The ribbon is cut in multiple places to open the new $10.5-million dollar Phase II of Salem Township Hospital Saturday afternoon.
New private patient room at Salem Township Hospital. The couch in the rear of the room is for family members and can be closed off from the room with a curtain.
The large waiting room area that provides a view of the Salem Reservoir and contains helpful features as cell phone charging stations.
The patient wing contains a family meeting room complete with microwave oven and sink.
A large number of area residents toured the new $10.5-million dollar Phase II renovation and expansion of Salem Township Hospital during a Saturday open house.
The upper level of the new wing contains 23 private patient room with amenities for the family, a three bed ICU unit, a large waiting room with large windows overlooking the Salem Reservoir. The bottom level has five specialty physician offices, each with their own waiting room and four exam rooms. It also includes a Davita Dialysis unit that will teach patients how to provide the dialysis to themselves at home. A Surgical Clinic is still under construction.
The Master of Ceremonies for the Ribbon Cutting, Board Chairman Dick Haney, called the event the biggest of his life after his marriage and birth of his children.
A Representative of Congressman John Shimkus offered his congratulations.
State Senator Kyle McCarter commended the hospital for being able to complete the project during uncertain financial times. "Sometimes it is a struggle to find funds to expand hospitals and provide better care and greater access. But our local communities can obviously do it, and this is proof of it today, so congratulations," said McCarty.
State Representative John Cavaletto noted the importance of the project to the area. "If this doesn't help be one of the big plusses, with our schools, to help Salem to grow I think we are missing a point. People will look at this facility when they come to town and they'll see it and they'll think nothing but the greatest thing here," said Cavaletto. "The medical care in Salem has just gone up fen fold."
Cavaletto also remembered the late Barney Bruce who did so much for the hospital as the President of the Hospital Foundation.
In introducing Hospital President Stephanie Hilton-Siebert, Haney noted it was her vision and her work that brought the addition to reality over the past five years.
Hilton-Siebert noted the importance of the hospital to provide emergency care and save lives. She says the hospital has done that with the right combination of doctors, care, and equipment. "Today is an absolutely wonderful day. Looking back at all the planning that has been involved, but most importantly it is all of you who are here today, because this hospital is for you. That's what it is all about," said Hilton-Siebert. "The entire time I've been here it has been about the community and the people who live in this community."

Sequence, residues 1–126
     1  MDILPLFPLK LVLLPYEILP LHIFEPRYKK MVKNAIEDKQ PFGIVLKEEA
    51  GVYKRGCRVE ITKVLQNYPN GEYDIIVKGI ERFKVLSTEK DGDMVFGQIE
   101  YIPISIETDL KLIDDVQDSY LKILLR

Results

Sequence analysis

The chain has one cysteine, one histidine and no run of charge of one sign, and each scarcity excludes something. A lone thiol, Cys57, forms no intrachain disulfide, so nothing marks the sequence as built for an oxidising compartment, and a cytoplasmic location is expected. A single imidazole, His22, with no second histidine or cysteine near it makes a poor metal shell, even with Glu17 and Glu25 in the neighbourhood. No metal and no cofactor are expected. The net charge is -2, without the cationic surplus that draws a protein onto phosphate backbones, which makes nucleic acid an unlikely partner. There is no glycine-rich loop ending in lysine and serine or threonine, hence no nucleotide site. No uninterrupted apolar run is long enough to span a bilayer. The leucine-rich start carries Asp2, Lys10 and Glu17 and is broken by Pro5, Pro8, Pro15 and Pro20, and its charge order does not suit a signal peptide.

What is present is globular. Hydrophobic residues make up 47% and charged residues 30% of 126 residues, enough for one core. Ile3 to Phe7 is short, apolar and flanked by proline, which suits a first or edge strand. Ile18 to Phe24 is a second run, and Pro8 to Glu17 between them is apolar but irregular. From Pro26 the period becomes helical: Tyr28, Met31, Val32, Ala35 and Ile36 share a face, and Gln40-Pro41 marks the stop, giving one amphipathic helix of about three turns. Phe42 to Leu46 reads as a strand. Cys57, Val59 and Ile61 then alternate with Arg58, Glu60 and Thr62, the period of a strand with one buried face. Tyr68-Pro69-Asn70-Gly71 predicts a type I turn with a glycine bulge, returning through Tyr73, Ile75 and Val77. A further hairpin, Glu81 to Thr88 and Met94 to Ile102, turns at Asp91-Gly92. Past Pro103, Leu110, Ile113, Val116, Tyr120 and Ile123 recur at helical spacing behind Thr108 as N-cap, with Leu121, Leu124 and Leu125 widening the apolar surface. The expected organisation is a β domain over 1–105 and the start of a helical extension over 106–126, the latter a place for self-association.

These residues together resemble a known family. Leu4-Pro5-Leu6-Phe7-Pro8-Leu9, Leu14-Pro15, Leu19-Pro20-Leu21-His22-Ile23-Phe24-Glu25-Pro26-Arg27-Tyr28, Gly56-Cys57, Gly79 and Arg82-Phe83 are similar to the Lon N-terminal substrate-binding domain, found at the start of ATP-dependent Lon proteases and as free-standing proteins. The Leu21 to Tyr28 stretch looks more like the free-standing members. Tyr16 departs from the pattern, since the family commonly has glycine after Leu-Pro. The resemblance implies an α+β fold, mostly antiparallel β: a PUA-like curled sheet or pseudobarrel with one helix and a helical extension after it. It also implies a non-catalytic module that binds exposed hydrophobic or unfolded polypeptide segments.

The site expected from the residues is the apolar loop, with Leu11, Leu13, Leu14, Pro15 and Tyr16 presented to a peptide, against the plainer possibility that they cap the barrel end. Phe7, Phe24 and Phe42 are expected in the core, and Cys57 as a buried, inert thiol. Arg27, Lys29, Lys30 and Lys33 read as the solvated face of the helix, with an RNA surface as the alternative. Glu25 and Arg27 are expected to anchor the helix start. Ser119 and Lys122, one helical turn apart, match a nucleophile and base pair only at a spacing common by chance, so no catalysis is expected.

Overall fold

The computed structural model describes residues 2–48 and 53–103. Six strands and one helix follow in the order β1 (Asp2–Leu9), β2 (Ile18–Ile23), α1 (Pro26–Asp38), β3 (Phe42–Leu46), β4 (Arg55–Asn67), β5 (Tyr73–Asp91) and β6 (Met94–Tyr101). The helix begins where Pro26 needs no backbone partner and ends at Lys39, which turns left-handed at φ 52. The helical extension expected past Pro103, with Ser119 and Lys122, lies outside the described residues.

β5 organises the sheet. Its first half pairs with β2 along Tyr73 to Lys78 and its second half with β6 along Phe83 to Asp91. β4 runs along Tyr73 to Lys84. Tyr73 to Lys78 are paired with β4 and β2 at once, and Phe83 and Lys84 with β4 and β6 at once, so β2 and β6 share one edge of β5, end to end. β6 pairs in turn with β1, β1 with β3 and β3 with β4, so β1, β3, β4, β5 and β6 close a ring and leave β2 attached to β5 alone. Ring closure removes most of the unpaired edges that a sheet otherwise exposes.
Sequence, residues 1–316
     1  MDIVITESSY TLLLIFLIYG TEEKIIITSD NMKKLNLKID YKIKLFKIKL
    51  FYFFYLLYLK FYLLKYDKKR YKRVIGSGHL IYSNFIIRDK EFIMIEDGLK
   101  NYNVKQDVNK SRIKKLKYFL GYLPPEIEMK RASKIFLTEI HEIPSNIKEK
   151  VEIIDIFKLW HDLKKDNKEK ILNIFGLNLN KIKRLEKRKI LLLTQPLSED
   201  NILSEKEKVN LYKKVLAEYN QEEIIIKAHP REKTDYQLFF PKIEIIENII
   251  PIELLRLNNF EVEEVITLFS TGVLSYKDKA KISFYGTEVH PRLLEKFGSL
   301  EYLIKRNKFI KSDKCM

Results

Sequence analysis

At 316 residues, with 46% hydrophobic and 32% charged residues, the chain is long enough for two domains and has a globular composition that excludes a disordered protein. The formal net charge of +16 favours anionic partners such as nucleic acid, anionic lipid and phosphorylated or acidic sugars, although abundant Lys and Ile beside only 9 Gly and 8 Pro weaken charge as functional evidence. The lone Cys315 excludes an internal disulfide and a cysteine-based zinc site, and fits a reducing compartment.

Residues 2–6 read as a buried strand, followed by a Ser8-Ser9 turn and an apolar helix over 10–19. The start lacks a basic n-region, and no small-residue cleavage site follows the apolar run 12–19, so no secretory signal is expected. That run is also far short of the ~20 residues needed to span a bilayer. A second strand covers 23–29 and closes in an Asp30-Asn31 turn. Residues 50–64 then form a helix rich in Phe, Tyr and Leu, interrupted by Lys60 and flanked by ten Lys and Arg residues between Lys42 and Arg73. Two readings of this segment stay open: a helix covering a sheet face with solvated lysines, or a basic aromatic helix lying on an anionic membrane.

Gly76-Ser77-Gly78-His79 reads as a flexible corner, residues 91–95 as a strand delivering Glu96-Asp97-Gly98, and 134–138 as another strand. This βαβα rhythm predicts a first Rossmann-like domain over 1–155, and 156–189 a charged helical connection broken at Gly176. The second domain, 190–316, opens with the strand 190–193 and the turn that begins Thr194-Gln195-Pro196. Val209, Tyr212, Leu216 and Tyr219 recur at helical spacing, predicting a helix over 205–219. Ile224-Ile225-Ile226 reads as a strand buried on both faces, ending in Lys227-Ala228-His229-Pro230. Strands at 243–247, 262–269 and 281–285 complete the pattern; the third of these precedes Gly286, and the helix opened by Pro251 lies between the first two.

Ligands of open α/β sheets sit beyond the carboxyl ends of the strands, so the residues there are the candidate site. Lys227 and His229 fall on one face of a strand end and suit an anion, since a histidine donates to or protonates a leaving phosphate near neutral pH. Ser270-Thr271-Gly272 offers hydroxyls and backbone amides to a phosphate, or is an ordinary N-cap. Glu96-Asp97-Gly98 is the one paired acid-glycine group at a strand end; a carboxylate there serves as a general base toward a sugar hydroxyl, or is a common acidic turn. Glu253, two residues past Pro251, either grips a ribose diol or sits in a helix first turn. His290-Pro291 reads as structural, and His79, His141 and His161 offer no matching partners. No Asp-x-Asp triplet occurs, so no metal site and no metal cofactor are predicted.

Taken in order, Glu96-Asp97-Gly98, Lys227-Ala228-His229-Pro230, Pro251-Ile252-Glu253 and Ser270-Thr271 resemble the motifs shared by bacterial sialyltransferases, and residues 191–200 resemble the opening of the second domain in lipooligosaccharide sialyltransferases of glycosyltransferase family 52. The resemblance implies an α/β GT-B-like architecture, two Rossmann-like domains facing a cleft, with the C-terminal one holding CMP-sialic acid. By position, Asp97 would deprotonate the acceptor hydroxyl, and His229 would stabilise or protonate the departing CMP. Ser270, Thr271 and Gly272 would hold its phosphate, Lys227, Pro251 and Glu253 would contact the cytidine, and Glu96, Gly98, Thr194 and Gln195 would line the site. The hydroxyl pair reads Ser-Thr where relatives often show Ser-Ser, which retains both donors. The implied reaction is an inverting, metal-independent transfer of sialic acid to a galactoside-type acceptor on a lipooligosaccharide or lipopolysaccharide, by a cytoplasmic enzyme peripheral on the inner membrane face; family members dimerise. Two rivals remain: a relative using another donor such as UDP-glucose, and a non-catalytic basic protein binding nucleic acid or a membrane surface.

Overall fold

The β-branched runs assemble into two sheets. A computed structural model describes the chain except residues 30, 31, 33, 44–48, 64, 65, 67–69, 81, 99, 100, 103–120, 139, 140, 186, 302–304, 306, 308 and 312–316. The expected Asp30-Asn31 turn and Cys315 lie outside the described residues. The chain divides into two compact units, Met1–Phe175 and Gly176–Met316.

Hilton-Siebert noted the revisions in the plans during the construction process as a result of the rapid ongoing changes in health care. She says originally the new wing was only going to have the new patient rooms, with the basement level being left as a shell for future growth.
"We want to make sure people in Salem and the surrounding area have access to the same care as someone in the metropolitan area. We needed to bring more speciality physicians in. We needed to create a space. I no longer could schedule any more specialty physicians because I did not have the space to put them in. So we went ahead and moved forward and finished that out so we could have more speciality physicians come to Salem," said Hilton-Siebert.
Hilton-Siebert says the surgical clinic and dialysis program where also added once the planning process had began. She says the project touched two-thirds of the hospital and a lot of the original infrastructure was rebuilt. Hilton-Siebert noted changes continue to come about and she hoped the community would be supportive of moving Broughton Road in the future if the hospital continues to grow.
She commended the hospital foundation and auxiliary for their tremendous support. Just before the ribbon cutting, the Hospital Foundation presented another $100,000 check towards the furnishing of the new wing. The foundation has now raised about $1.5-million dollars for hospital projects.
The hospital cannot begin using the new wing until the Illinois Department of Public Health grants an occupancy permit. The hospital requested the inspection in mid-February and expect it will be scheduled in the next few weeks.
The Salem Township Hospital Foundation presente,000 check towards furnishing of the Phase II addition.